Nana Yaw Adu-Sarkodie, M.D., MPH

Adu-Sarkodie, Nana Yaw

Hometown: New York City, NY

Name of Undergraduate Institution: Sophie Davis School of Biomedical Education at City College of New York

Major(s)/Minor(s) in College: Biomedical Education

Name of Medical School: Ross University School of Medicine

Residency and Fellowship Programs: LSU – New Orleans Family Medicine Residency & LSU –  New Orleans Geriatric Medicine Fellowship

Favorite Quote:

Ezekiel 25:17 – Jules Winnfield – Pulp Fiction

“The path of the righteous man is beset on all sides by the
Inequities of the selfish and the tyranny of evil men
Blessed is he who, in the name of charity and good will
shepherds the weak through the valley of darkness
for he is truly his brother's keeper and the finder of lost children
And I will strike down upon thee with great vengeance and furious
Anger those who attempt to poison and destroy my brothers
And you will know
My name is the Lord when I lay my vengeance upon thee.”

Contact Info: Email:

Additional Links:

IG: @dr.yawza     

Book: In The City by Nana Yaw Adu-Sarkodie, MD

Merchandise Store: MiYaw & Co.

Where are you currently at in your career path and why did you decide to pursue this career path?

I currently serve as the Deputy Director for Geriatrics and Extended Care at the Baltimore VA. I am at the end of my ten-year goals and it is time to set new goals.  My decision to go into Family Medicine was based on what I thought the ideal physician was; someone who saw patients and their families from the “womb to the tomb”.  I caught the ER bug along the way, but found my true calling in Geriatrics.  Family Medicine – Geriatrics training allows for opportunities to practice in all arena’s – inpatient, outpatient, home care, academic, research, private, concierge, etc.

If you could go back and have a chat with your 1st year postgraduate self, what would you tell him?

If I could go back and chat with that guy, I would tell him don’t change a thing. All my experiences, both the good and the bad, have led me to this point. I’m not sure what a change in the past would do to my present future.  I would however advise that he be wiser with his relationship with Sallie.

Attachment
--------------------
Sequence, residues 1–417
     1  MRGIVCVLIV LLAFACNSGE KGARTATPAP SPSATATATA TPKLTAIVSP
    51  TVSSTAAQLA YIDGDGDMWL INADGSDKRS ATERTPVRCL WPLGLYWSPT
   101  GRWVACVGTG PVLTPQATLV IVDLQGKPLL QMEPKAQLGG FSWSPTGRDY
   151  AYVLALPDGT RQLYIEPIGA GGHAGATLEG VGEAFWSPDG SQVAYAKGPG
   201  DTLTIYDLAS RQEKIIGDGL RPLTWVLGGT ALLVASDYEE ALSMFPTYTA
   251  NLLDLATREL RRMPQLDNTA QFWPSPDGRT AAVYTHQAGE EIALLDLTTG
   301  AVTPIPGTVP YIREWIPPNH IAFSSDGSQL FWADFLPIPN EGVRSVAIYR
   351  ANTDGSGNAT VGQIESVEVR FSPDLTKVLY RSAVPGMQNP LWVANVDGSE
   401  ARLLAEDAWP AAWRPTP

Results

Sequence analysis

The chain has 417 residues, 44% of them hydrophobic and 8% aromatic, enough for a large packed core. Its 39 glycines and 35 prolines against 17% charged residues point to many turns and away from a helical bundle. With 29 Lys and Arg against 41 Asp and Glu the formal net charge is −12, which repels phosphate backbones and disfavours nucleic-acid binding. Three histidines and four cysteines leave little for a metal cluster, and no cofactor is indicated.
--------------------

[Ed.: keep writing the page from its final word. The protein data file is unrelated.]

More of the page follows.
What advice would you give to a medical student looking to pursue a similar path as yours?

I would advise them to join SNMA to be surrounded by like minded students who are following a similar career path.  The relationships forged during my service to SNMA has been invaluable; have become colleagues.  More importantly, they have become lifelong friends. Secondly, I would advise them to join the professional organization of their interested field. For me it was the American Academy of Family Physicians and the American Geriatric Society.  These two organizations represent the interests of my specialty. On the institutional level, they should join the interest groups on their campuses as well and take every opportunity to shadow a physician. This experience may be an eye opener to some about their chosen profession.

What is a major challenge you have had to overcome and how did you do so?

Major challenges have been taking standardized tests. I have had to take all my USMLEs, with the exception of Step 2 CS, at least twice. I am very proud of the fact that I only had to take my certification for Family Medicine only once!  Learning from one’s mistakes is key and very important. Medicine is a lifelong pursuit, and you have to keep studying and applying your knowledge.